Self introduction for freshers should be short and reasonable

It shouldn’t take you more than three minutes to answer “tell me about yourself” question, especially if your fresh of college and have little or none working experience. Your goal isn’t to explain your entire working experience (though many software engineers try to do so). Nor is it to tell them a story of your life. You will get an opportunity to talk about your experience (if you have any), and about various projects you’ve worked on over the years, later in the interview. They have specific questions ready to ask about these things later down the road.

While introducing yourself, you should simply summarize who you are, name your core strengths (years of experience, knowledge of programing languages, two or three principal personality traits) and give them something positive to work with for the rest of the interview.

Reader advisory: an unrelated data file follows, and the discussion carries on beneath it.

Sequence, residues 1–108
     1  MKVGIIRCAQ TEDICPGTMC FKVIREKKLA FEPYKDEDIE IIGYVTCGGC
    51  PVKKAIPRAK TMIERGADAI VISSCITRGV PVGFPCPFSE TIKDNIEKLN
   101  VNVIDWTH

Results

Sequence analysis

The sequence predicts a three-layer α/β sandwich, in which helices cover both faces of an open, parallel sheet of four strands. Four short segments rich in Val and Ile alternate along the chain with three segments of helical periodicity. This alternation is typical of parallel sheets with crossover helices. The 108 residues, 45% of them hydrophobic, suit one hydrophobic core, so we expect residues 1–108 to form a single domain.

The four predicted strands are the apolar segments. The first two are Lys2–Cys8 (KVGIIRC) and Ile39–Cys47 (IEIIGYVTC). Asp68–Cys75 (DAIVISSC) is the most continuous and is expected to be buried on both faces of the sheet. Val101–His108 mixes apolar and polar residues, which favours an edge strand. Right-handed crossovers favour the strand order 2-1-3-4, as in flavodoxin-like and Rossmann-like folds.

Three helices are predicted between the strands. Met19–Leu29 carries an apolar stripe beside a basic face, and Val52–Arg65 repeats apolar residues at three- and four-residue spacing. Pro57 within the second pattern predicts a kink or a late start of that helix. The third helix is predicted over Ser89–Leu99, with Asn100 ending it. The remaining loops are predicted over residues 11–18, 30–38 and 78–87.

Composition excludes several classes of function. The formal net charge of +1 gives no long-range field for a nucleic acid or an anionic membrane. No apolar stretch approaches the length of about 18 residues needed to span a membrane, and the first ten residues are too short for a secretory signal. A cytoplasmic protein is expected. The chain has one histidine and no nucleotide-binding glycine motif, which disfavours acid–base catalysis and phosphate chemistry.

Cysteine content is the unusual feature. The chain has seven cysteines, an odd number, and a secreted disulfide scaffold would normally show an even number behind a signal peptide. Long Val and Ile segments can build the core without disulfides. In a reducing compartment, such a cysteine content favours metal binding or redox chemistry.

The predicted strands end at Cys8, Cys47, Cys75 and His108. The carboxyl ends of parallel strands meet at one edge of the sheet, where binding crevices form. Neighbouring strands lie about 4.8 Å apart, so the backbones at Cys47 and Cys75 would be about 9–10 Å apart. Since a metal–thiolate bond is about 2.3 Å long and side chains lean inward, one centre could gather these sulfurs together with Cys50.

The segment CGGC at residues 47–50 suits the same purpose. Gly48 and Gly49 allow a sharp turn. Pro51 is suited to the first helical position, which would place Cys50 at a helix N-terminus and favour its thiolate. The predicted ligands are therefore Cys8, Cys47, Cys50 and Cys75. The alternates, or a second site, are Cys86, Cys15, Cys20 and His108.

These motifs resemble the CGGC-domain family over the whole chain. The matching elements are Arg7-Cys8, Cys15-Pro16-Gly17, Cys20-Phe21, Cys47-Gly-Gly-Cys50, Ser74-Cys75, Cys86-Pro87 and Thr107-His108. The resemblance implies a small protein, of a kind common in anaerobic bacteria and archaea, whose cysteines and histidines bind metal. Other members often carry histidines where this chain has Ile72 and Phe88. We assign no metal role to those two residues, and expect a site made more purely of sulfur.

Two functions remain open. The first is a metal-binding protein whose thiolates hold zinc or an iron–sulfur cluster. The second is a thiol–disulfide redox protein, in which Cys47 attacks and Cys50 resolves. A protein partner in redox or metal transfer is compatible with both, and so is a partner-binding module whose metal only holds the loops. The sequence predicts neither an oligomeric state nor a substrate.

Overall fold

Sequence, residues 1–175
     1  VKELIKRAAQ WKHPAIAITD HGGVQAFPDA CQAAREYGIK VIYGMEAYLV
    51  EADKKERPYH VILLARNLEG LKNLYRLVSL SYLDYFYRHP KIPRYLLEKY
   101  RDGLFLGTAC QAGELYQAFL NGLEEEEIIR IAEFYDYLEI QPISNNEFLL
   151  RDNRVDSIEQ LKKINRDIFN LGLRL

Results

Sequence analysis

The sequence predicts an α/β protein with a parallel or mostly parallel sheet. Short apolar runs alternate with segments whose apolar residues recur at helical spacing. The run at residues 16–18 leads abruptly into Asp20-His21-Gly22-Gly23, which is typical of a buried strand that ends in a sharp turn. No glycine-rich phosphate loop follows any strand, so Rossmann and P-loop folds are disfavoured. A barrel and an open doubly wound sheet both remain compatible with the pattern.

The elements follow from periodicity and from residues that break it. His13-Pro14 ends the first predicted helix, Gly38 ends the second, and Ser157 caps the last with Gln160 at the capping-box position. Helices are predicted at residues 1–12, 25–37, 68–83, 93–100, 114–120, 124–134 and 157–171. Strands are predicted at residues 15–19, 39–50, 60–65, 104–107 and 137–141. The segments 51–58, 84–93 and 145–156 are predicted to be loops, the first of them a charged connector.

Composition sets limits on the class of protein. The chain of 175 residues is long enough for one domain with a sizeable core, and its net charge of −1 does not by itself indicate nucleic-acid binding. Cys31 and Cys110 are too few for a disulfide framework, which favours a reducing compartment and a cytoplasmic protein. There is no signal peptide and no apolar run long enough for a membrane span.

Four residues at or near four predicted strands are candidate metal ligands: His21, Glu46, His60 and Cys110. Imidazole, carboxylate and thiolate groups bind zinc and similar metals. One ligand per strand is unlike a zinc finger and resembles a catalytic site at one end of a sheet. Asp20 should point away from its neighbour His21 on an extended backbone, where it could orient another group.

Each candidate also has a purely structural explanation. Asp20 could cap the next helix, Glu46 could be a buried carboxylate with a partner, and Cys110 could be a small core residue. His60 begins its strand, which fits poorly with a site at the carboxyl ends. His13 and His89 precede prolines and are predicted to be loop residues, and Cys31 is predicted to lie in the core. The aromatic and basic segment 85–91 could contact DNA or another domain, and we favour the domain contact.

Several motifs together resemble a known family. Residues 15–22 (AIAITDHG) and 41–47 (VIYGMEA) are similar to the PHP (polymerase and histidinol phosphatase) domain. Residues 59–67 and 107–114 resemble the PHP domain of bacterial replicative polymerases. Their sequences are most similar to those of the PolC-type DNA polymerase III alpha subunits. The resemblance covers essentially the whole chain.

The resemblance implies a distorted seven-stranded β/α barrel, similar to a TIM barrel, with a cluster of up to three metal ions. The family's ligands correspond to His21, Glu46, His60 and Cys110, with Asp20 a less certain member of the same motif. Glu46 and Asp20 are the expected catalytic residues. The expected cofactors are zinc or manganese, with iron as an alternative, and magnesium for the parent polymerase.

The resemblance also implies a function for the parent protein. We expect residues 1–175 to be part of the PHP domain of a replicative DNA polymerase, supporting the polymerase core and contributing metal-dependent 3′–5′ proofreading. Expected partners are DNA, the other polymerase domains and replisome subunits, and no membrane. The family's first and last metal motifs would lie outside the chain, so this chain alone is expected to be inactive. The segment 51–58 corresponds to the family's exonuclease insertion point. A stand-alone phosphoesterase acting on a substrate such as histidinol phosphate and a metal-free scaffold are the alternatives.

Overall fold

You can stand out with an unconventional answer

In some cases, hiring managers will directly ask you to introduce/describe yourself in “one sentence”, “ten words only”, “three adjectives”, or, in an extreme case, in “one word”. Doing so they not only make sure they won’t have to listen to a ten minutes long monologue, but they also test your listening skills and ability to talk to the point. If they ask you to introduce yourself in three words, you should use exactly three words–no more, no less.

Anyway, even when they do not specify the extent of your answer, you can introduce yourself in ten words, three powerful adjectives, or any other short form of your choice. You will immediately stand out with such an answer, and, at the end of the day, less can often be more in the interviews. Do not overwhelm them with information right at the start. Offer a short and powerful introduction, and elaborate on it later in your interview, with other answers.

 

Ready to answer this one? I hope so! But it isn’t the only difficult question you will face in your interview for a software engineering job. Check also the following articles to get ready:

Matthew Chulaw